What is a meditative life? What might that look like? Is it possible? Today a series of interviews begins with people who have found a meditative way to live their life.
For a long time I tried to live my life in a more meditative way and I often found myself frustrated. But at some point looking back I noticed that my days had become more meditative. Still, I couldn’t really see exactly how that had changed. This is why I’d like to go on a little tour of discovery here over the next weeks. To begin, I want to introduce you to Tony Sager.
Tony started practicing meditation in 1978 in a dedicated way and some years later was ordained as a monk in the Zen tradition. For 22 years he lived, served and practiced internationally in this way. After that he lived for two years as a layperson at Upaya Zen Center, a socially engaged Buddhist community in Santa Fe, New Mexico. At that time he started working in a hospice context for three years, which led him to study counseling and obtain a Master’s degree and licensure. Now he works as a well-respected mental health counselor at a therapy firm, out in the world with the rest of us “normal” people. Tony is also a senior dharma teacher in the Kwan Um School of Zen.
It’s easy to assume that for someone with his history it’s much easier to live in a meditative way than for the rest of us. Yet perhaps we might be able to see something that is valuable for ourselves in how he does it. How does someone like Tony approach his normal daily life, his work and his challenges? How does he practice now compared to his earlier life?
Tony says that his life is quite simple. Since he works many hours a week with people and talks a lot in the course of his work, he loves to spend quiet time in the evening and on the weekends. He loves exercise, especially biking and hiking, and enjoys being with friends and loved ones.
Tony has a kind energy and presence that I find inspiring. I was surprised to hear that he sees not just his early years as a monk as strong and deep practice, but equally so the years as a layperson in the Zen center as well as in everyday life as a professional counselor. According to Tony his practice “just changed.” Formal practice lessened when he left the Zen center, but informal practice “became very strong.” Here is his mix:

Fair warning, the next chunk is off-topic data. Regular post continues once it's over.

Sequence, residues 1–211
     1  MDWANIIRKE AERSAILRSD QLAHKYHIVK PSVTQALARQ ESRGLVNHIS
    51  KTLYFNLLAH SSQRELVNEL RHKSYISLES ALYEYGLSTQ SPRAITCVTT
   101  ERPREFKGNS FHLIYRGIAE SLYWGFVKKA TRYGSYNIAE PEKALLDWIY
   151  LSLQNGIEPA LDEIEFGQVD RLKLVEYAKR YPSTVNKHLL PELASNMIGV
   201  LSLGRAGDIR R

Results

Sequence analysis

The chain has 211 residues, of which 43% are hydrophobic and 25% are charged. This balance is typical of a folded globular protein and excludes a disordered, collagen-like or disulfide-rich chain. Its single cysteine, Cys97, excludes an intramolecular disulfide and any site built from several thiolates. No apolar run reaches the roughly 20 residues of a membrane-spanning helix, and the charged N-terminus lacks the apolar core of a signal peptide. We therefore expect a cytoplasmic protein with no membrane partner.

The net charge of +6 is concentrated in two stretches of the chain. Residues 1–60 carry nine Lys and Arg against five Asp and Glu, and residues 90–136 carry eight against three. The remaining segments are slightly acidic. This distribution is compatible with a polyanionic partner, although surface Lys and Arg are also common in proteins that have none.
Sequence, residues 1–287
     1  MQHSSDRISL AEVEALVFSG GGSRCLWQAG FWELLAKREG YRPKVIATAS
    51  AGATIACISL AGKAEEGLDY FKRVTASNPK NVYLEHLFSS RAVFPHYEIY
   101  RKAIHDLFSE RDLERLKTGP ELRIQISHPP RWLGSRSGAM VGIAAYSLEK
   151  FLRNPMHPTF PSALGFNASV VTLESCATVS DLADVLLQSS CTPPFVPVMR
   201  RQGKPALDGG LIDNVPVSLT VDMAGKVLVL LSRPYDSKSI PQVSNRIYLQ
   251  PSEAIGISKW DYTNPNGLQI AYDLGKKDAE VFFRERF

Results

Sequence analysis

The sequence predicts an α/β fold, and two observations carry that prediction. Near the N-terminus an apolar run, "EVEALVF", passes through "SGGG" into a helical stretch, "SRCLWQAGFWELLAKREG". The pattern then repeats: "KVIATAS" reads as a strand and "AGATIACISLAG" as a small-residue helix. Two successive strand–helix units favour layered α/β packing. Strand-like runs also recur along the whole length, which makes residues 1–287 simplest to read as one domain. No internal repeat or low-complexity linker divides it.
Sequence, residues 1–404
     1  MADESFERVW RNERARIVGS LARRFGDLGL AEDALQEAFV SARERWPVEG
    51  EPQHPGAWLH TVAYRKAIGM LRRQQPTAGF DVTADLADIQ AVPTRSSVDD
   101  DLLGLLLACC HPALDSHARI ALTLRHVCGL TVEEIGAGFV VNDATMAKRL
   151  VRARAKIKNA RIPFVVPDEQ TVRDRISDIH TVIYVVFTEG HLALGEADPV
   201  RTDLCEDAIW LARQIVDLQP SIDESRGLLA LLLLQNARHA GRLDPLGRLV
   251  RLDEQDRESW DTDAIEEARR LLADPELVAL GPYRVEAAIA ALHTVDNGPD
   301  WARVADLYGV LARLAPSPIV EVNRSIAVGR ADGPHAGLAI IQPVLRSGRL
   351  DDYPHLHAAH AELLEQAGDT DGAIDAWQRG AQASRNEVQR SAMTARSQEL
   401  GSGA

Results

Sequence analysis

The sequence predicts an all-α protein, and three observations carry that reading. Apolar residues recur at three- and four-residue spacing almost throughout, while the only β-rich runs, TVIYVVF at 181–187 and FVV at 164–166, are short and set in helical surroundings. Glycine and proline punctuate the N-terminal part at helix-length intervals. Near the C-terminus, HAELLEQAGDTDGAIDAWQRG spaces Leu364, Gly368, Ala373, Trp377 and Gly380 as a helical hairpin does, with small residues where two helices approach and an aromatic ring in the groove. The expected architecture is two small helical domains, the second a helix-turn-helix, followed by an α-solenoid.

Formal practice. Daily morning sitting meditation and occasional retreats (Zazen, chanting), are still foundational for him, because “it makes such a difference!”
Informal practice. Practicing mindful awareness while driving, working, in all activity. This is much like sitting practice but within everyday life experience, coming back to the present again and again. One of the supportive key elements is connecting with the breath.
Coming back to now. This is a key for Tony, the practice of mind and body coming together. “Really just coming back to what is in front of me, what is now.” Tony says that when mind and body come together “you are aligned, you know it, feel it, you are there. No separation, no wall between you and your experience: you are free.” There is a “completely open feeling of presence, you are there, present, no separation, no inside and no outside.” This is something he comes back to many times during his day.
Key intervention. If energy goes up, reactivity and fear follow. Come back to the breath, really look at the situation, really listen to what is going on. There can be thoughts like, “Oh, I’m not getting this,” “I don’t know what to do,” “I’m stuck.” But we can learn that “it’s nothing to freak out about, get fearful about.” The energy is just a sign “to take a better look, maybe ask some questions.” Again, as Tony says, his approach to life is simple. And I think this is a great strength of it.
I hope some of these points have inspired you. I love the simple approach of “everyday Zen.” Next week the second part of his interview follows. There we’ll talk about how he uses these concepts and practices in his work as counselor.
Have a good week!